Family Forum

Psalm 78:6-7 ~ ...that the next generation might know them, the children yet unborn, and arise and tell them to their children, so that they should set their hope in God...

My prayer is that you will be helped, encouraged, and challenged by some of the things I post on this blog. I make no claims to be an expert in leading a family. I make no claims in being the model spiritual leader in the home, but I do love God's word, and I do love to remind myself daily of how gracious and merciful and steadfast in his love God is, I do want to make the cross of Jesus Christ central in my home, and I do want to be helpful to those whom God has entrusted me to care for. We are all on this journey together to tell the next generation the praises of God so that our children and our children's children will set their hope in God.

Friday, November 28, 2008

Thanksgiving Reflection

This week during our family time we devoted our time expressing what things we are thankful for. I reminded the children (along with Julien our exchange student) that a thankful heart is indicative of one who understands, knows, and believes what Jesus Christ did for us when He died on the cross for our sins. I reminded them that it is God’s will for His children to be thankful (1 Thess 5:18).

So we took the time to reflect on what things we’ve been thankful for over the past few months. Last night it was exciting to listen to the kids express what things they were thankful for. In the past it’s often been things like “our home” or “family” or “a good church” and so forth. And we rejoice with them when they express thanksgiving for such things. We remind them that “every good gift” is from the Lord. Over the past several months our time, energy, resources and finances have been focused on bringing home our children from the Philippines. At times our faith is strong and at other times our faith is weak. Certain moments we clearly see the hand of God behind the process we are going through, and at other times God seems to be inactive. But as I listened to each one of my children express their thankfulness, I couldn’t keep my eyes from welling up with tears because their comments reminded me of how good God has been during this process. It reminded me that they are watching their mom and dad attempt to put their faith in action. It reminded me that as LaNae and I make every effort to act out our faith, it gives them that much more motivation to act out their faith. Each of our kids, in their own way, expressed how thankful they were to see how God is growing our faith as we watch Him work through this adoption process. Claire expressed thankfulness in the Lord’s provision financially. Cade expressed thankfulness in how God is growing his affections for his sisters even though they are in Philippines at the moment. Kailyn expressed thankfulness for how God must be pleased to watch His church respond to the needs of His people.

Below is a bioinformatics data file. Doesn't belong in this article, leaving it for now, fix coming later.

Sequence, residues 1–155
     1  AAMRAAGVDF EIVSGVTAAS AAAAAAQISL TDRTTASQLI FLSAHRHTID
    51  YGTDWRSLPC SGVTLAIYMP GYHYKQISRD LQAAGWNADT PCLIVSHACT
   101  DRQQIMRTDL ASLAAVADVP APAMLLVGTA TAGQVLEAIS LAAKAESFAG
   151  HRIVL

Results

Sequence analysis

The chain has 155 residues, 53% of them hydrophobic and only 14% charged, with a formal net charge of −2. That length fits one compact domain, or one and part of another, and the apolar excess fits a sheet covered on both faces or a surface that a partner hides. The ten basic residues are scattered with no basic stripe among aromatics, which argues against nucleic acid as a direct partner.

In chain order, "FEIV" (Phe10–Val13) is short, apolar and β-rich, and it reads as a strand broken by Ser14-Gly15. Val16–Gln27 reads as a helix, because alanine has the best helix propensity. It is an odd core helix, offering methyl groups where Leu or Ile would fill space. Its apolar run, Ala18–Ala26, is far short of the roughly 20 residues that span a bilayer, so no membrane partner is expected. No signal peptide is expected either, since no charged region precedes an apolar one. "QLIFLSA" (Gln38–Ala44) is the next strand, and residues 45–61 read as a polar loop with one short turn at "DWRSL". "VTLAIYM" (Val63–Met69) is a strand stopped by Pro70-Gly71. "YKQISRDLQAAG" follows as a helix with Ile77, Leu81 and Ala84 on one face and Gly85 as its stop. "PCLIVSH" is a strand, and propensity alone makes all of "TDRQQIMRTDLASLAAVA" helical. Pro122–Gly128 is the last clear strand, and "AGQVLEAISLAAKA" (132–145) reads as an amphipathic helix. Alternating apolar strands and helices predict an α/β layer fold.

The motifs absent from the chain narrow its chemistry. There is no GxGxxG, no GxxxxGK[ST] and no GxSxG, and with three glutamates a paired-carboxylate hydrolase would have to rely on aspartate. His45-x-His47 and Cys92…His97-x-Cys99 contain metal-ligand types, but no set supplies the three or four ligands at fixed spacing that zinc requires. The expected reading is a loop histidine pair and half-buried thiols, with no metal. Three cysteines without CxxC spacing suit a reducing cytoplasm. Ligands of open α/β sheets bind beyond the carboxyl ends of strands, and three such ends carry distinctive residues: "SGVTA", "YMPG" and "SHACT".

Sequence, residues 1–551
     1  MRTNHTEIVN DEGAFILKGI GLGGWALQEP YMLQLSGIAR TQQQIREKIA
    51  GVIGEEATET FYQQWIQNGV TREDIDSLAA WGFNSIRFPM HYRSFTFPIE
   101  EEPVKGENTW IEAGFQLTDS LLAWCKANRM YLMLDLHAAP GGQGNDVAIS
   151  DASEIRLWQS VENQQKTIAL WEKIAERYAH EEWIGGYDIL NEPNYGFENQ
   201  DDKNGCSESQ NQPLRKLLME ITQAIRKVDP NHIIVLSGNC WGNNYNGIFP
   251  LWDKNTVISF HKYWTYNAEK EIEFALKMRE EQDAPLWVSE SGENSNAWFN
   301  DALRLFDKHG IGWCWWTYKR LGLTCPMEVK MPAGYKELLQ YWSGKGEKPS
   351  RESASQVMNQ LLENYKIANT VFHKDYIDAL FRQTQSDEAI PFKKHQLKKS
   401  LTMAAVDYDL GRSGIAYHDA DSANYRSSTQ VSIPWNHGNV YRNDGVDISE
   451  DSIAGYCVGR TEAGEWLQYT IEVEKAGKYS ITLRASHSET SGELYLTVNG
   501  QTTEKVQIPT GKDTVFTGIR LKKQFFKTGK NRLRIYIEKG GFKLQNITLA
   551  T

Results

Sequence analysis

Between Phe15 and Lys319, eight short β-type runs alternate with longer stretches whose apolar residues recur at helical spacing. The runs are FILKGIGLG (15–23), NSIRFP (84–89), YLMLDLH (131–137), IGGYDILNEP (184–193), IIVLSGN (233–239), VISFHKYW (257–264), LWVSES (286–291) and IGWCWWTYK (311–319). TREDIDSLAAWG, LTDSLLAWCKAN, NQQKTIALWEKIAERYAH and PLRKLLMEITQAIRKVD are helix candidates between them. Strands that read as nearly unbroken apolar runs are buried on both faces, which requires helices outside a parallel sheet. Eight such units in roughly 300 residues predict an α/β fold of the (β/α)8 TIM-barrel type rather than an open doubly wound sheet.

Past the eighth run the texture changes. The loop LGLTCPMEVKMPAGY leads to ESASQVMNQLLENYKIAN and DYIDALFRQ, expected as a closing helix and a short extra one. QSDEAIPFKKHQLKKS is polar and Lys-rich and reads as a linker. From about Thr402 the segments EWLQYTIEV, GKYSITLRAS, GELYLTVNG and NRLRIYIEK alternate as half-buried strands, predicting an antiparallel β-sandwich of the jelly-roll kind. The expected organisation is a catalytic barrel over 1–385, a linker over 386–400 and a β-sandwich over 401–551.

A lot of the things that we are waiting for during this adoption process are outside of “our control.” This only elevates our need to be dependent on Him throughout the whole process. It’s been hard for them at times to watch mommy and daddy wrestle with what God is doing, but it’s been a joy for them when they see the Lord answer in real specific ways. These times of trusting and waiting have been a valuable lesson for them (and us as well) to learn. They (we) have seen God work in so many different ways. They have seen faith acted out even though it seems foolish in the eyes of many.

As I think about what the Lord is taking us through during this time, I don’t always see the good in it. I often need to be reminded that God is always honored when we seek to step out in faith. And when I listen to my children express their complete faith and trust in the Lord, I’m reminded that their view of God is affected by my view of God. If I believe my God is small they will view God as small. When I view my God as one who is able to do above and beyond what I can think or imagine, they will view God the same way. It gives them a view of how big our God is. It gives them a perspective that our God is bigger than our pocket book. He’s bigger than our savings account. He’s bigger than our ability to plan. In fact often he disrupts our plans to show us and remind us just how big he is.

I have much to be thankful for, and I am thankful to the Lord that he used the faith of my children to show me where mine was lacking.

Wednesday, November 26, 2008

Walking by Faith, Part 6 - Faith and the Sovereignty of God